Hundreds of thousands of college students are expected to be back in class this week after the provincial government passed back-to-work legislation Sunday to end a five-week strike by Ontario college faculty.
Considering it affects the rights of the workers, the NDP did not want to give his support to the act.
Colleges are extending their semesters so students don't lose their terms, but trying to condense five missed weeks into roughly two extra ones will be very stressful, student advocates say.
"[Students have] paid the price for the strike that Kathleen Wynne caused, and we're extremely concerned about the hardships they're facing - financially, and with the career and life plans that have been disrupted", said Campbell.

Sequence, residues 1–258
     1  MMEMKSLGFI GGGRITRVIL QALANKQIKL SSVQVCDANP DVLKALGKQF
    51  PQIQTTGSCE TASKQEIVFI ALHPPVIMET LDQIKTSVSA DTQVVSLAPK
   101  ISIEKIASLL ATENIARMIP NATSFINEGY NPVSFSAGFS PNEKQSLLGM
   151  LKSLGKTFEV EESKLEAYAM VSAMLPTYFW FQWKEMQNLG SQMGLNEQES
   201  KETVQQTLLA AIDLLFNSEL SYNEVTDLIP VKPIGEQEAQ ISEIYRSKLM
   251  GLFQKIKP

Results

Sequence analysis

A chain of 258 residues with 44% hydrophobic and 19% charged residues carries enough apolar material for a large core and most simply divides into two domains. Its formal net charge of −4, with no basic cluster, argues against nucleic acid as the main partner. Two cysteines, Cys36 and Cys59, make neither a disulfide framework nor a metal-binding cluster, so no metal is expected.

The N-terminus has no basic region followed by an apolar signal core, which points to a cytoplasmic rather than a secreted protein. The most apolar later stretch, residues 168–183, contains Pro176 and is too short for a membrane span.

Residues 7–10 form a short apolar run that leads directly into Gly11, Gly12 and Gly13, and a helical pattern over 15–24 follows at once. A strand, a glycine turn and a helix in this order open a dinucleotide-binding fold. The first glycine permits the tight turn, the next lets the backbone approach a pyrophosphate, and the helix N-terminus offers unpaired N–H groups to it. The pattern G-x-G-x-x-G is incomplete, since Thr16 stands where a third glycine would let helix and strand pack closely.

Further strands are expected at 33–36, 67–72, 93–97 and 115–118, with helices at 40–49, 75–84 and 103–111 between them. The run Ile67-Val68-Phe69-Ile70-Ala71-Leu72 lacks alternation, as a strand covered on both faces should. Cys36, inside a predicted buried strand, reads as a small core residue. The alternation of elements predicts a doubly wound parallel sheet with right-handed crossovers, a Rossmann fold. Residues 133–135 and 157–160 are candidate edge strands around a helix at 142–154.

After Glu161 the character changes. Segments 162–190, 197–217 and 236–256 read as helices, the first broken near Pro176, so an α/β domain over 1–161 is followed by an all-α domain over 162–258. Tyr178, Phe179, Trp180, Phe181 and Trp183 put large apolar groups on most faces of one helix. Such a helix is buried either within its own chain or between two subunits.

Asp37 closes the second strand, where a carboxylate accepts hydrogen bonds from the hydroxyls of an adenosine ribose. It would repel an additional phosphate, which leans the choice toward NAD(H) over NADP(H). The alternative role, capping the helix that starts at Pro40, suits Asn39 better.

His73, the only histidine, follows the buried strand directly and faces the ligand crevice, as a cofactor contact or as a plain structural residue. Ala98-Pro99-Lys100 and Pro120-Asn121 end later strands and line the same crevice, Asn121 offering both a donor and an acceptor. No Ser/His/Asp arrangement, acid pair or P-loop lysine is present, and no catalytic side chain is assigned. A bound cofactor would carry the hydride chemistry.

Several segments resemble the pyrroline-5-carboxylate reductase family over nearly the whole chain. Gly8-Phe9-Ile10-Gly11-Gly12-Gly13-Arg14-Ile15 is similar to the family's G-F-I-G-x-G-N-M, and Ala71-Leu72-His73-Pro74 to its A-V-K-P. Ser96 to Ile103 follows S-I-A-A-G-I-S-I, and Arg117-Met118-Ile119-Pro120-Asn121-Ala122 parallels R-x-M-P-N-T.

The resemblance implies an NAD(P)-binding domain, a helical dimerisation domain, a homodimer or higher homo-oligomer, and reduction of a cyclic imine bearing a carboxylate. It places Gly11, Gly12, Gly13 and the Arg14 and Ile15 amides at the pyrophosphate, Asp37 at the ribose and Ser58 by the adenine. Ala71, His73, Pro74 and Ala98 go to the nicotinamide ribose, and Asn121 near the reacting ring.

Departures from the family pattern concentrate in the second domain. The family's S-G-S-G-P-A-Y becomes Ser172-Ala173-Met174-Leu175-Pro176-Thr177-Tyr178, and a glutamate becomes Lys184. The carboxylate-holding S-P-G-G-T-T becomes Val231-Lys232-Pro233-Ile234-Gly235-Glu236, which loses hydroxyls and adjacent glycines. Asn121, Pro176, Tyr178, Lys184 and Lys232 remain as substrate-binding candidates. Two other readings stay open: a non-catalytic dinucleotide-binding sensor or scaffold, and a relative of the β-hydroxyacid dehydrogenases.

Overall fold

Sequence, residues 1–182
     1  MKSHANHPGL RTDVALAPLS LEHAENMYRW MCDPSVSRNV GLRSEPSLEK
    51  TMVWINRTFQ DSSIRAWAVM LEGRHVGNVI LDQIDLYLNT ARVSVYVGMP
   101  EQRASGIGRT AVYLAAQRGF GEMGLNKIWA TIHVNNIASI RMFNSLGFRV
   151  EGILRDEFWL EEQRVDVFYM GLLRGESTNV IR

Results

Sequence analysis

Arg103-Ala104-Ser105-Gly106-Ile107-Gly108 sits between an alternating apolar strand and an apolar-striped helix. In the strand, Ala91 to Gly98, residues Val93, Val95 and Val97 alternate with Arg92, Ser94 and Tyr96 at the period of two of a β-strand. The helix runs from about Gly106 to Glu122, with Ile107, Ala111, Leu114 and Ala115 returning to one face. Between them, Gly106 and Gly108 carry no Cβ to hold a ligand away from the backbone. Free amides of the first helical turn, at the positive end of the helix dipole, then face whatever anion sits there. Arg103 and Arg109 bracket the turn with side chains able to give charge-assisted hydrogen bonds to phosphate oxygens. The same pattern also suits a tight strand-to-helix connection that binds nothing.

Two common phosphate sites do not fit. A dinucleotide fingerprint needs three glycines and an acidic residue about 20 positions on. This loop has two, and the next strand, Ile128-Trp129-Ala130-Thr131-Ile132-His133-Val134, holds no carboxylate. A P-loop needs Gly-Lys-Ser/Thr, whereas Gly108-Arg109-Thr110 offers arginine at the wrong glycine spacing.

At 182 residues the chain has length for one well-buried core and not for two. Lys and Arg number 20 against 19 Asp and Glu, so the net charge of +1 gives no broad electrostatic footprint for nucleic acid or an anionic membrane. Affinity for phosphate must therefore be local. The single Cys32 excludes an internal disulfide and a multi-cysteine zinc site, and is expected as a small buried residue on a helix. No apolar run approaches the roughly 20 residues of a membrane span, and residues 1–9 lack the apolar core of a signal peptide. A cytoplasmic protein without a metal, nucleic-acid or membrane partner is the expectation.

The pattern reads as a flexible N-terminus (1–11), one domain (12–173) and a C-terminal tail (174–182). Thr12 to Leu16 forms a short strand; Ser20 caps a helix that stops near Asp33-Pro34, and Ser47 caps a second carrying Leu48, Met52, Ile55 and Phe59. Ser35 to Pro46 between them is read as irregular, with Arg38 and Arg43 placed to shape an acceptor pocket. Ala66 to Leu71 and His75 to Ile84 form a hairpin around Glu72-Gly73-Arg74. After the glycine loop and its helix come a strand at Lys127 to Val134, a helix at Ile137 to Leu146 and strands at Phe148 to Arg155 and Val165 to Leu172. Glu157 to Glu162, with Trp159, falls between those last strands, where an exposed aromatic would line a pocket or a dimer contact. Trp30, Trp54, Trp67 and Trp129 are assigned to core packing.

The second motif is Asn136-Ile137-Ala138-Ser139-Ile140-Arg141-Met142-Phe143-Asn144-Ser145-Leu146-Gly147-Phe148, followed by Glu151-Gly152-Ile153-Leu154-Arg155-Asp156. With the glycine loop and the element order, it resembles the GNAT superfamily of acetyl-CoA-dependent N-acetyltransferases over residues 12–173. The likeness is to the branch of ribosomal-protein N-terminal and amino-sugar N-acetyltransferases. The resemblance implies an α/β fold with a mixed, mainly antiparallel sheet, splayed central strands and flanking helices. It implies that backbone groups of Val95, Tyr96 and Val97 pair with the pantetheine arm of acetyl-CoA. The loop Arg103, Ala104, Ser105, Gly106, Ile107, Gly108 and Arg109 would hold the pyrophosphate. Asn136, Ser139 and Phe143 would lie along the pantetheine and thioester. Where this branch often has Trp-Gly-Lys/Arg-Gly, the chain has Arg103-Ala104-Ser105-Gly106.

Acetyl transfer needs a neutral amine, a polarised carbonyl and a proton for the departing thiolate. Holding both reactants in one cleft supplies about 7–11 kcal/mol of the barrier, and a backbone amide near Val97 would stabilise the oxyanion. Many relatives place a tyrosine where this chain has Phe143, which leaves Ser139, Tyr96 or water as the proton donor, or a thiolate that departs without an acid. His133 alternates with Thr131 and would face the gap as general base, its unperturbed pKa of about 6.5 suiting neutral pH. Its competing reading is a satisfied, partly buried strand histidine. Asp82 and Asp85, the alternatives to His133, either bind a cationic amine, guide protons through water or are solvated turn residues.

Around 500,000 students have been out of class since the strike by 12,000 professors, instructors, counsellors, and librarians began October 15.
On Sunday, the 24 colleges involved in the strike welcomed the back-to-work legislation, saying all efforts at the bargaining table had been exhausted.
About 12,000 college faculty are set to return to work on Monday, with over half-a-million students returning to their campuses starting Tuesday.
"It is unfair to keep them out any longer", said Matthews, who blamed New Democrats for forcing a delay on a final vote on the bill, which her government first proposed Thursday after college faculty rejected a "forced vote" from their employers.
The 500 000 students affected by the strike will be able to make their return to the classroom in the beginning of the week.